Some historians may well be horrified with this method of photo restoration but I for one love it! I dislike books which use unrestored black and white or color images. They simply tell a story of age but do not represent the intent of the photographer. I would be mortified to see my work reproduced in either a damaged state or with the color badly faded simply because the dyes in the film degraded with age and the publisher was too lazy to fix the problem.
Now with Photoshop, restoration is only a learning curve away and even vintage black and white photos can be made into color if you know the tricks. Here are few examples of vintage images I have recently restored.
This picture of Pinky Richards’ aka “Watson’s Wildest” Corvette was taken by George Barris. on Ektachrome color transparency film back in about 1960. Larry Watson had done some of his craziest flames on Pinky’s Corvette and George wanted pictures for his magazine stories. In the past fifty years the color dyes have degenerated, leaving the image with a red-cast and other tonal issues . Some of this could have been removed with the latest color scan software but the subtle correct colors are only regenerated by time with Photoshop.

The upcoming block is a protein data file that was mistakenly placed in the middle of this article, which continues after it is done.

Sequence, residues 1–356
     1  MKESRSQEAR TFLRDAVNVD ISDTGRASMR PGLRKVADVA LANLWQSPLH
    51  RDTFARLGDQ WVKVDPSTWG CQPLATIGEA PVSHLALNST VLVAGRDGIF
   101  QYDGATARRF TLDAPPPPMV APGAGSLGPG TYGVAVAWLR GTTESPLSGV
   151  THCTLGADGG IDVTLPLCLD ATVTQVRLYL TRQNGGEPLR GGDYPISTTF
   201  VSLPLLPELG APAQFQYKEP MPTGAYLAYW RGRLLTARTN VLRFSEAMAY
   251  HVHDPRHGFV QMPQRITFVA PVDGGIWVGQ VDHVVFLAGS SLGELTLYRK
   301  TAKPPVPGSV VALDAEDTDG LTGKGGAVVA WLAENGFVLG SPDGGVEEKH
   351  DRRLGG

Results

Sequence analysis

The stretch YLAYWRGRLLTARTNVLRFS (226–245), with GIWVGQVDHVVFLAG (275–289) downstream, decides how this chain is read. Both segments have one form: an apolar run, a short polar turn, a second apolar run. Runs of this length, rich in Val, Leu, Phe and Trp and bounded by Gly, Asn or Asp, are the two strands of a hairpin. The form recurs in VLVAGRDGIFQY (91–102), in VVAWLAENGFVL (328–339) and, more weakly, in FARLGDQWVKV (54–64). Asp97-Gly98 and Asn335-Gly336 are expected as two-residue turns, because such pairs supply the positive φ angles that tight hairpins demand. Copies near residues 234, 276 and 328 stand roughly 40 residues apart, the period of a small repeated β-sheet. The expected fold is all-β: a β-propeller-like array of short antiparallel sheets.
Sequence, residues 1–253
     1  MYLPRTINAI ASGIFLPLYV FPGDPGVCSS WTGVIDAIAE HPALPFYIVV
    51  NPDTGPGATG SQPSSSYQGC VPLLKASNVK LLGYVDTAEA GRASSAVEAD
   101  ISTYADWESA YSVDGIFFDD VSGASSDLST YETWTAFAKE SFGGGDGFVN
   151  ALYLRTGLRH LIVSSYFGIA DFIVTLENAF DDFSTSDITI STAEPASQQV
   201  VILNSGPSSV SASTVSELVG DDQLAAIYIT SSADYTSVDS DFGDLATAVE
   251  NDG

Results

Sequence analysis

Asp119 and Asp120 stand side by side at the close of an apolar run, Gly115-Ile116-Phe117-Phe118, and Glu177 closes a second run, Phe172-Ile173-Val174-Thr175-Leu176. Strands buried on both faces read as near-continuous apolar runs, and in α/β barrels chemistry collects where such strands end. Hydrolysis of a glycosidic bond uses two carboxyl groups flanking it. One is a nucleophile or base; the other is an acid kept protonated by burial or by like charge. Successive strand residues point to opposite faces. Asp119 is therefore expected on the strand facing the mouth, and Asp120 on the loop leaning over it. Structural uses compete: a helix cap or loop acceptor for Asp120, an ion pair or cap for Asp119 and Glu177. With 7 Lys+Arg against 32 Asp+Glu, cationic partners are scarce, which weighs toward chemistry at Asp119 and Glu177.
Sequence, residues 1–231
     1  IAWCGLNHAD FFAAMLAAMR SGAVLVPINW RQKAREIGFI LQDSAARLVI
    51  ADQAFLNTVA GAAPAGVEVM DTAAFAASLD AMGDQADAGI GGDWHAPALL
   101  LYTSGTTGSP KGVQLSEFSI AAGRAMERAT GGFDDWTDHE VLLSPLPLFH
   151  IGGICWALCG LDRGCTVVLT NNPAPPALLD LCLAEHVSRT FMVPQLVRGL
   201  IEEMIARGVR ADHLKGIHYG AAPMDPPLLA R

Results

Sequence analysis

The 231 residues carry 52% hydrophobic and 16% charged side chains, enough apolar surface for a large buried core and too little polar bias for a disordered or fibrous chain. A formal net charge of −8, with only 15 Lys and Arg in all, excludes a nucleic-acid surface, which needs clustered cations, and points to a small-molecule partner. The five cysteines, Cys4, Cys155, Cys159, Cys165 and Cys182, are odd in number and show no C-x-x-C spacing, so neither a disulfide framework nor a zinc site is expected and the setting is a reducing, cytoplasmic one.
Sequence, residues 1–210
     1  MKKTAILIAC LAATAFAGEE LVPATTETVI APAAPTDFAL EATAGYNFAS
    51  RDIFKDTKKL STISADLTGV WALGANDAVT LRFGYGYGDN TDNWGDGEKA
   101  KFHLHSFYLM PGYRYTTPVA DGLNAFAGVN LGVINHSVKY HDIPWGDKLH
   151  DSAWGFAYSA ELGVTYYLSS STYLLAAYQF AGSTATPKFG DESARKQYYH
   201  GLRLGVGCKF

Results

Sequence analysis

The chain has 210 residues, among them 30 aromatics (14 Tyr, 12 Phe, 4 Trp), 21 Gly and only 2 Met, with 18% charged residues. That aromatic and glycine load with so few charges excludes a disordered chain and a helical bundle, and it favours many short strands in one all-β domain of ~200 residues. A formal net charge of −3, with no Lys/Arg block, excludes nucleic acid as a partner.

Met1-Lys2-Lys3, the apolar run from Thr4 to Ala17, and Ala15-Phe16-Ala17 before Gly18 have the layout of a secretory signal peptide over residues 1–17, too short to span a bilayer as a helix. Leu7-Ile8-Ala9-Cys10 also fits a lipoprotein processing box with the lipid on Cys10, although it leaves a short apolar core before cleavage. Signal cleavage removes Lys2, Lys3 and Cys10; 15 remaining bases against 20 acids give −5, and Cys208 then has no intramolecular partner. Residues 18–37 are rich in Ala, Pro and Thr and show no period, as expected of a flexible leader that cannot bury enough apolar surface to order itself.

The conversion of the black and white image of the Fiat was done in multiple layers. The colors are correct as far as I can tell to the original paint and wood colors.
These days when virtually everything is printed or seen on the web in color, this method makes sense not only for visual appeal but for its added interest and ability to convey more information for the viewer to enjoy.